Tony LaRussa obviously doesn’t want this thing coming back to Milwaukee, and with good reason.  The Brewers certainly have a shot to win tonight – of the eight position players in the Cardinals’ batting order, only Pujols (.286) and Freese (.353) have career averages greater than .260 against Milwaukee’s Randy Wolf) – but LaRussa’s move has made the road that much more difficult.

A Marked Man

Human perception is a funny thing.

Let me posit a couple scenarios.

In the first, Shaun Marcum starts Game 2 of the NLCS at Miller Park. He does not have his best stuff, but some impressive defensive plays behind him limit the damage to two runs.  In the first, Marcum fields a Jon Jay bunt for an out before allowing a solo home run to Albert Pujols. Nyjer Morgan saves two runs in the third with his glove in center field, but Marcum allows another run in the fourth when Nick Punto singles in Yadier Molina.  Marcum is removed after that inning, and the bullpen plays scoreless baseball the rest of the way.  The Brewers win, 3-2, on a Prince Fielder home run in the eighth.

In the second, Shaun Marcum also starts Game 2 of the NLCS at Miller Park.  He does not have his best stuff, but is severely harmed by defensive lapses behind him.  He misplays a Jon Jay bunt in the first, and Albert Pujols follows up with a two-run home run.  Nyjer Morgan cannot haul in a couple of deep balls in the third, and the Cardinals again score two runs.  They score a fifth run in the fourth when Nick Punto singles in Yadier Molina, and that is all for Marcum.  The bullpen suffers an absolute meltdown after that, allowing seven more runs to score.  Prince Fielder hits a meaningless home run in the eighth, and the Brewers lose, 12-3.

The second scenario played out last night at Miller Park, but it could just as easily have been the first.  And yet today, Milwaukee is clamoring for Shaun Marcum’s head. During Marcum’s last two innings at Miller Park, I had to listen to the guy next to me repeatedly shout, “You suck, Marcum!”  Now there’s motivation for you.

Marcum, of course, doesn’t suck.  Quite the opposite, in fact.  During the regular season, Marcum had the team’s second-best starter ERA at 3.54.  He held opponents to a .232 average and allowed about 1.2 walks or hits per inning, best among the team’s starters.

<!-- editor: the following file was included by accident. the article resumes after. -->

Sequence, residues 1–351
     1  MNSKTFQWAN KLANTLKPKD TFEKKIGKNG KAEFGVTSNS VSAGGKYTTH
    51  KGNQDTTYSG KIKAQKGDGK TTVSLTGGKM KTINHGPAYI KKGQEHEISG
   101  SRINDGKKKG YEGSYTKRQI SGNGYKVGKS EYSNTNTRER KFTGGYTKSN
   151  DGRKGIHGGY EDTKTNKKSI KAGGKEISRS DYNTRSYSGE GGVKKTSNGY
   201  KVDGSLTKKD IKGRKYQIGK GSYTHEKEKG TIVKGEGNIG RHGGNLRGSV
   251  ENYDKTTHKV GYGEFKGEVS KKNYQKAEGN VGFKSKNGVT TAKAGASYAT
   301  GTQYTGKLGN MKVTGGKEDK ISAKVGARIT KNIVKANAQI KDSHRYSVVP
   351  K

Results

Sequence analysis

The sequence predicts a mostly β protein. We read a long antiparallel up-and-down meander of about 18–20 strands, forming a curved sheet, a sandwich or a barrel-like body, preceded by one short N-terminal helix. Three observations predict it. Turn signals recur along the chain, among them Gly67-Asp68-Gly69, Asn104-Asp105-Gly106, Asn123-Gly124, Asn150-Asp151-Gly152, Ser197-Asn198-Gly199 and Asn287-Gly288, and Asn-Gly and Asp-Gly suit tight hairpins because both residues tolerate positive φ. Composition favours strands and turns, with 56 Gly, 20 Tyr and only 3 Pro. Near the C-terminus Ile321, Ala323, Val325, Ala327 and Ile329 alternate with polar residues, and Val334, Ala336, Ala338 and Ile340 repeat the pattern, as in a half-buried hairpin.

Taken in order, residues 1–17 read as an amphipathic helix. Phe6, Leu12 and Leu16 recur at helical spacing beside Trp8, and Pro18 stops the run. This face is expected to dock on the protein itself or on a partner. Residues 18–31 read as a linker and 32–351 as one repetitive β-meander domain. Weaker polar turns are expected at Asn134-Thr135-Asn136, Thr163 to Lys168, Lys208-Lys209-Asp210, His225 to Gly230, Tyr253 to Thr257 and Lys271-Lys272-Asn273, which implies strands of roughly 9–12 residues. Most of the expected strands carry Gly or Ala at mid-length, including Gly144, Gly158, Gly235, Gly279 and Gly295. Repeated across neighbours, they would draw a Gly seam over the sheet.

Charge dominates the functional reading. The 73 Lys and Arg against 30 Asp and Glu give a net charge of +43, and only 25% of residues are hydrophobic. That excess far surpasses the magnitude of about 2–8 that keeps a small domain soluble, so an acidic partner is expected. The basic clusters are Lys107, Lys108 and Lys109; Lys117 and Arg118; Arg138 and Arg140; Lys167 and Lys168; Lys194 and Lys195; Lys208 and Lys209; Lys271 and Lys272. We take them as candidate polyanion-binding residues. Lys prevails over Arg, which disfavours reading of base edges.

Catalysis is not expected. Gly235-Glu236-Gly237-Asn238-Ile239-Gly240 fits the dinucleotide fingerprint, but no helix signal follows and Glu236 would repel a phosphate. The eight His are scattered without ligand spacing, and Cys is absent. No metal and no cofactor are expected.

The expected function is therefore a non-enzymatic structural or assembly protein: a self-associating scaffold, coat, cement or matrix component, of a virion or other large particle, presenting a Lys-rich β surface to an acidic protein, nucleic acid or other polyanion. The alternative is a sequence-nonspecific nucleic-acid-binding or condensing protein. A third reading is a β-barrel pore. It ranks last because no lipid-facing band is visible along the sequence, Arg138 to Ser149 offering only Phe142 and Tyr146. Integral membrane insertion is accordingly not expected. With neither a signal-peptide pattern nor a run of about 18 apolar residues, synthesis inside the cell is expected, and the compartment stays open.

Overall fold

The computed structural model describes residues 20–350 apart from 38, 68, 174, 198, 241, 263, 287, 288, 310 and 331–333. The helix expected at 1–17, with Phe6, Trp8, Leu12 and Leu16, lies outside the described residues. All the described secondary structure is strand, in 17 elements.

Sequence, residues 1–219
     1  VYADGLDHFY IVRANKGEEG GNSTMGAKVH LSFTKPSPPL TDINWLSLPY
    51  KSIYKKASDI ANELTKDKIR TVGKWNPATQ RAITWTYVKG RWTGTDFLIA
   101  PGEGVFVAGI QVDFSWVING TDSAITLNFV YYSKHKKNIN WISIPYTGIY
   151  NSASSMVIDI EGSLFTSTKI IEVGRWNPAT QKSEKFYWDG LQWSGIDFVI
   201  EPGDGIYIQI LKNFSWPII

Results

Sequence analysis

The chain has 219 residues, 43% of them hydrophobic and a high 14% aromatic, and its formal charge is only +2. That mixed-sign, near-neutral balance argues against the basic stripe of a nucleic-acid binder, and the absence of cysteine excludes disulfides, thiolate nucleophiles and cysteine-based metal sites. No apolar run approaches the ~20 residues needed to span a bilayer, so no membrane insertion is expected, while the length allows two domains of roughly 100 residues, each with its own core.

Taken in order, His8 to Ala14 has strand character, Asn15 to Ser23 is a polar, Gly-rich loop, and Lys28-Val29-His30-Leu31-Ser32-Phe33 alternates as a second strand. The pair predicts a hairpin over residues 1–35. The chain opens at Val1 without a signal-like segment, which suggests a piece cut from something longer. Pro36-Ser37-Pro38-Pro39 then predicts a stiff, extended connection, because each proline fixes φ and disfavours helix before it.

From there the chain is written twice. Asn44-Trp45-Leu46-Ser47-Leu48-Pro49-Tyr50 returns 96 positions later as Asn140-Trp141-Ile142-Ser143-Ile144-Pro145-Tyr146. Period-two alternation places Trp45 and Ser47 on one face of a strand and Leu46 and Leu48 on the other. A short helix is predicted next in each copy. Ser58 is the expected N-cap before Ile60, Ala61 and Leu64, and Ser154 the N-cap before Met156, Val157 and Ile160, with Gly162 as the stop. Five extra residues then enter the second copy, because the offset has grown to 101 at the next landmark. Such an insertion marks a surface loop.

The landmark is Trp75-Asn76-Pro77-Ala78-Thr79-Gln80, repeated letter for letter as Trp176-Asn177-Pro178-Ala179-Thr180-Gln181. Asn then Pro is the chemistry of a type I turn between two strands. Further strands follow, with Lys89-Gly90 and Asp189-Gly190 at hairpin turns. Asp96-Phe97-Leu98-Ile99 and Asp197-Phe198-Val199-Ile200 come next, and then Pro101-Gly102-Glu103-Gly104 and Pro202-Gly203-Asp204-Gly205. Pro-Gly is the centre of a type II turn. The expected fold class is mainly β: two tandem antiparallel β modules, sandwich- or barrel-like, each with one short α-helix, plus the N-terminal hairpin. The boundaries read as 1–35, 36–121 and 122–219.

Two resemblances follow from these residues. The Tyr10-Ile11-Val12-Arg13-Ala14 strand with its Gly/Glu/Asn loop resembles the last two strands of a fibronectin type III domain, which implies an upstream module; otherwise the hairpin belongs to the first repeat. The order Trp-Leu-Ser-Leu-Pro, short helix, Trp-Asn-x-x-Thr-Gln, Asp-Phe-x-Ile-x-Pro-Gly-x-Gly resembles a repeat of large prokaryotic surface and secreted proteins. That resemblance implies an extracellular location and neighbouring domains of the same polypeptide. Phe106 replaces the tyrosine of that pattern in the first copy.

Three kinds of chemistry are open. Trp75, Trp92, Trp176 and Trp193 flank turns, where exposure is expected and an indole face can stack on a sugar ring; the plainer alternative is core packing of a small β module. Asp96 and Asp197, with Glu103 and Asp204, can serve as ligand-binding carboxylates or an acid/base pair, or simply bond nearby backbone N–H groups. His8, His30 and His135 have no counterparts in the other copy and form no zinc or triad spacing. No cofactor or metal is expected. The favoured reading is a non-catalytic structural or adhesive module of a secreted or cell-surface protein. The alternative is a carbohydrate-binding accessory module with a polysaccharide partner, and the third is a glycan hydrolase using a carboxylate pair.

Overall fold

There’s no doubt Marcum didn’t have his best stuff last night, but he didn’t pitch as badly as most seem to think. Sports radio this morning thought it was terribly funny to play a postgame quote from Marcum – declaring the Pujols home run pitch a good one – side by side with broadcast audio of the pitch – “right down the middle!”  Which was it?

Not a terribly good pitch, but not right down Wisconsin Avenue either.  Looks like a fastball high and away that didn’t have a whole lot of movement.  Might have been tough for any other batter, but Pujols doesn’t miss those pitches often.

And here are the rest of Marcum’s pitches in Game 2 of the NLCS.  The ones that hurt him were not right over the plate; in fact, except for that one pitch to Pujols, all the hits came on pitches either low or inside.  It looks like Marcum was simply beat by good Cardinal hitting.

And as long as we’re talking hypotheticals, let’s pretend, just for the sake of argument, that Marcum gave up the five runs but the bullpen set down five scoreless frames after that.  That would have put the final score at 5-3 on a late Prince Fielder home run.  Instead of walking away from the game shaking their heads, Brewers fans would have walked away thinking the Cardinals had eked out a narrow victory.  Would Brewers nation still be so hard on Marcum?  Doubtful.  I think our perception of Marcum was tainted more by what happened after he left the game than what happened during his four ill-fated innings.

Our perception is also tainted by recent history.  Marcum didn’t have a clean slate heading into the playoffs, allowing seven earnies in his abbreviated final regular season start against the Pirates.  And folks are quick to point out that his two mid-September starts against the Phillies and Colorado ended nearly as bad.  That all fits the narrative of Shaun Marcum as a pitcher whose first 200+ inning season has taken its toll on his arm.  They forget to mention, or just gloss over, his spectacular starts on September 4th and 20th, in which Marcum allowed one run over a combined fifteen innings with fifteen strikeouts and one walk.

So let’s cut Marcum a little slack.  Maybe we can’t figure out what’s wrong with him because there’s nothing wrong; he’s simply getting beat by good hitting.  Or maybe its something as simple as his pitch selection; as Jack Moore and Tom Haudricourt point out, he’s not throwing his bread-and-butter changeup nearly as often as he should be.

Whatever the reason for Marcum’s struggles, I can’t believe I’m hearing people seriously suggesting that Chris Narveson (regular season: 4.45 ERA, 1.4 WHIP, 3.6 BB/9) should get the start in Game 6 over Marcum. We’re talking the NLCS here.  If we’re to make our stand in Game 6, I want the pitcher with the highest upside out there.  With all due respect to Narveson, that is Shaun Marcum, and he’s shown it over and over again this season.